INK Menswear is a new company launched in Orem this summer that is turning men’s ties on their tails. Literally.

The three minds behind INK Menswear -- Freedom Hamill, Nathalie Linge and Seth Ferguson -- have taken the “business in the front, party in the back” idea to a new level in men’s fashion wear. Well, without all the negative mullet connotations.

“In an INK tie, you can go to work or church and feel totally confident. Our ties combine a classic and sophisticated front, or ‘tongue,’ with a personality-charged ‘tail.’ Tails are subtle and cool -- meant for that 'accidental' sighting,” Hamill said.

The INK team is targeting its skinny ties to the millennial/hipster crowd -- those who want something different than the large, loud ties their fathers wore.

“We think ties fall into two categories: too busy or too boring,” Hamill said. “Living in a tie-wearing community, we saw a need to design ties truer to the population wearing them.

"These are not standard, run-of-the-mill men/young men. These are students, athletes, scientists, app designers, rock-climbers, cyclists, musicians, snowboarders. These are discoverers and game changers -- men with passion and purpose.

"In reality, no man or woman is ‘standard.’ We recognized this truth and integrated it into our unique design.”

The idea for INK ties was hatched about a year ago when Hamill and Linge, who are neighbors, came together with design ideas and a goal to reach a segment of the fashion market looking for something different. They started creating timeless designs for the fronts of the ties, and then Hamill started designing the tails.

They also reached out to local teens for tail design ideas, and incorporated many of those designs as well. Unique to their line, as well, is how they incorporate their INK logo into the tail designs.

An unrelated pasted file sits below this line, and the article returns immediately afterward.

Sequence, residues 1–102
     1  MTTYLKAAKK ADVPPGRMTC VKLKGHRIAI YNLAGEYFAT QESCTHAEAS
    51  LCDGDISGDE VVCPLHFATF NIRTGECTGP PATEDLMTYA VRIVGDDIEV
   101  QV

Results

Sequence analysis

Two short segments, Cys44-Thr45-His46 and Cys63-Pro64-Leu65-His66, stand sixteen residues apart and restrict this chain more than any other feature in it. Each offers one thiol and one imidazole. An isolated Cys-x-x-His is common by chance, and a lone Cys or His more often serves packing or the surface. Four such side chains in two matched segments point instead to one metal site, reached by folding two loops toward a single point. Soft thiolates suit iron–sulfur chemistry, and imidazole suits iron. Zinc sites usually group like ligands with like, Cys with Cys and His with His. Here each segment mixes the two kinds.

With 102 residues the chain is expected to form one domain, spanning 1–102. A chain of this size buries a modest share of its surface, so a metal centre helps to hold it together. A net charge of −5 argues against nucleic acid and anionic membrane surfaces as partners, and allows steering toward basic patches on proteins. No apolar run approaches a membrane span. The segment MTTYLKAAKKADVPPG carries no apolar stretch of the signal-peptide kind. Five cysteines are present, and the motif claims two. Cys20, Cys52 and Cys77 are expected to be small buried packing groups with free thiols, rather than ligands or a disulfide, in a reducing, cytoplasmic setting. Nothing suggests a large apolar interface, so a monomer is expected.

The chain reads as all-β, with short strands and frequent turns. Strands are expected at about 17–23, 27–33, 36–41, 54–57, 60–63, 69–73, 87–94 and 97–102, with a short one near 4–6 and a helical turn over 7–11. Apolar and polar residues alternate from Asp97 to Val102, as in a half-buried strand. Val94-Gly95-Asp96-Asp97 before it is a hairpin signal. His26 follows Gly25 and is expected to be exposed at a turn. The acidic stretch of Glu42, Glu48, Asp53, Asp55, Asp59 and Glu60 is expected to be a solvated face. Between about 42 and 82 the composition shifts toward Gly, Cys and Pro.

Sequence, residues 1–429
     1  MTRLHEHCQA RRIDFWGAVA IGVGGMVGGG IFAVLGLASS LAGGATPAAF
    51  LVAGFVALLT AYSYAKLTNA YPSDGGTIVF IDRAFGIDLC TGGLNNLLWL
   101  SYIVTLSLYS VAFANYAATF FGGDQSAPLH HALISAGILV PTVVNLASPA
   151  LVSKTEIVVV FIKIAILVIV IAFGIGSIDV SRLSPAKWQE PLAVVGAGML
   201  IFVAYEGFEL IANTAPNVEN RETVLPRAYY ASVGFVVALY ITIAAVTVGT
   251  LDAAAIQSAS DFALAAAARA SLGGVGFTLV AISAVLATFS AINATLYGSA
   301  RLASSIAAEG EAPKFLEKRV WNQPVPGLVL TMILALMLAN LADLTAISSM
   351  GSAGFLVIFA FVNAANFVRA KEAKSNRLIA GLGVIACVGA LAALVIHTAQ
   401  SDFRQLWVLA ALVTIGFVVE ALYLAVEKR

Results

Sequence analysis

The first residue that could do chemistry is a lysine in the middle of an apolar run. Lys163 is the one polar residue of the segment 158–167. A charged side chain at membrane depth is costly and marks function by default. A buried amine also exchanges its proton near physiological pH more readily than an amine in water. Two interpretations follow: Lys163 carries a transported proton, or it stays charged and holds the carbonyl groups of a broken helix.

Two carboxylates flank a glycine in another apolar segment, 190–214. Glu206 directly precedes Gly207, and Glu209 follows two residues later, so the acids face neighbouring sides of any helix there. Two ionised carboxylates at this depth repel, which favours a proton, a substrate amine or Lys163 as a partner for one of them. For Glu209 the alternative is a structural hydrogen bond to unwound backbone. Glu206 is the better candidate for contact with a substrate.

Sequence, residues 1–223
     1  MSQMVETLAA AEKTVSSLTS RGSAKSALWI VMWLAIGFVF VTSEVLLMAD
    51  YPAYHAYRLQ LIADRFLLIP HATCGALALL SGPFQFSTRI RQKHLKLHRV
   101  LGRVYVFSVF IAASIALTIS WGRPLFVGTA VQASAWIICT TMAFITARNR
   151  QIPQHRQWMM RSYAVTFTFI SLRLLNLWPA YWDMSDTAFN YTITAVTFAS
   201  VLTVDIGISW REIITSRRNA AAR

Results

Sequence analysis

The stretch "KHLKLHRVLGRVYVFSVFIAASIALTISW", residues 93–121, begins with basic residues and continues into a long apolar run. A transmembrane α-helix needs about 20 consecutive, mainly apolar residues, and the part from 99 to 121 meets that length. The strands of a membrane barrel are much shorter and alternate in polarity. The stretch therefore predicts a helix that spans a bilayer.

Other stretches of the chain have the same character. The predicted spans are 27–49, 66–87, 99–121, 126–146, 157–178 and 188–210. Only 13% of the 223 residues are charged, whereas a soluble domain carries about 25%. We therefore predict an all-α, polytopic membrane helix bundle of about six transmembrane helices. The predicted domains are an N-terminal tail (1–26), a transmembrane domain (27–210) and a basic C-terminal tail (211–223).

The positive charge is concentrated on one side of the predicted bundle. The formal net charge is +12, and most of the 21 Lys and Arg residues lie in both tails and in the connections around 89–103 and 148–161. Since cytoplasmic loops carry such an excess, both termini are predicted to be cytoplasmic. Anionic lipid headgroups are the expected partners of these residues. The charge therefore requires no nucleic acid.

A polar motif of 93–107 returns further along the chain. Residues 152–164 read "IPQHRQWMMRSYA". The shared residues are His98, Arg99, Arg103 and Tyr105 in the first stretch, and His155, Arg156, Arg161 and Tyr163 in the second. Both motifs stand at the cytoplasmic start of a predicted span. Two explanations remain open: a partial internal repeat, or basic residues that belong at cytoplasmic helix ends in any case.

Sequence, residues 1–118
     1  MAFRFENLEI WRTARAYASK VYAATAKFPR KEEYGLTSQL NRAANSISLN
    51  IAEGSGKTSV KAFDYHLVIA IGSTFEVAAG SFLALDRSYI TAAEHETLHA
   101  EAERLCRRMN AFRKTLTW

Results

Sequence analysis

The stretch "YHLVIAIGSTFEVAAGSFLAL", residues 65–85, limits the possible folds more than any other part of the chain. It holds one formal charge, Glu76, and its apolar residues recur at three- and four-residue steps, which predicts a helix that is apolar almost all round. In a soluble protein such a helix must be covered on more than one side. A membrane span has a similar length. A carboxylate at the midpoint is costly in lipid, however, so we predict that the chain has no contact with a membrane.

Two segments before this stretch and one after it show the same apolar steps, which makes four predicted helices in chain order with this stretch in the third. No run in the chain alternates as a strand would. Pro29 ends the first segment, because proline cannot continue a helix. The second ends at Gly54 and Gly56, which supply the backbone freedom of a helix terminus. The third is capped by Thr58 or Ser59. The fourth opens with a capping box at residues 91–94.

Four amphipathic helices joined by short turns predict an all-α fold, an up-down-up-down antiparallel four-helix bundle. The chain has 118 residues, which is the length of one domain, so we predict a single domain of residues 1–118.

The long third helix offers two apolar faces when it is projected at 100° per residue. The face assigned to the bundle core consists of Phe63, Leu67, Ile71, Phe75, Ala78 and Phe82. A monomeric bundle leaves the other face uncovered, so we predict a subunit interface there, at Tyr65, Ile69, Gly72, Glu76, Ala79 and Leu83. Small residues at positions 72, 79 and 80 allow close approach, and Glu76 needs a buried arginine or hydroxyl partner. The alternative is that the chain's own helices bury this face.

They brought on Ferguson, who is studying economics at Brigham Young University and is also trained in crowdfunding, to help them get to the next step.

“Kickstarter is where we are testing it, to see if there’s really interest in our ties,” said Linge, a film and entrepreneur student at the University of Utah.

There must be an interest, as they launched their ties on Kickstarter at the beginning of October, and were fully funded within 48 hours. Currently, they are at more than double their funding goal, and they still have two weeks to go in their campaign.

And they are more than excited for that milestone. Funding will pay for further production, manufacturing and marketing to get their ties out to the masses.

Hamill is very passionate about reaching out to the world, and hopes to go global with INK. The name of the business stands for “International Next of Kin,” a very deliberate and symbolic name for Hamill and company.

“We’re all ‘tied’ together in one way or another, and it is our privilege and responsibility to help each other succeed,” Hamill said.

Hamill is the daughter of a Vietnamese father who, as an 8-year-old orphan, ran the streets of South Vietnam prior to and during the Vietnam War. He was adopted by an American soldier and brought to the U.S., and given a new opportunity at life.

“This is what International Next of Kin is all about. We each have the potential to reach out, to strengthen, to learn and to grow from those around us," Hamill said. "We are capable of a lot of good. We are uniquely designed, collectively united -- just like our ties."

In addition to their goals for their business, Hamill and company are already mentoring and helping others as a philanthropic arm of their business. Using the model of a “for-profit business to alleviate poverty,” they are involved in business mentoring programs locally and in third-world countries. They don’t want to just give handouts, but help people help themselves.

“We want individuals to learn the skills necessary to grow their own businesses and achieve their own dreams. To accomplish this, we have teamed with Motiis, a company changing the frontier of impact enterprise in Mombasa, Kenya,” Hamill said.

“On a local level, we have teamed with Teens Act, an organization driven to provide educational opportunities to underserved youth.”

In line with this, Hamill is very excited about one of their Kickstarter backing options -- the chance to inspire a classroom. Hamill, who also has a background in education, will go into a local class and will talk pursuing artistic and business goals.

She already has one backer who has supported that endeavor, and she’s excited to fulfill it.

“Anytime I can work with and inspire youth, I love that,” Hamill said.

Karissa Neely reports on Business & Community events, and can be reached at (801) 344-2537 or kneely@heraldextra.com. Follow her on Twitter: @DHKarissaNeely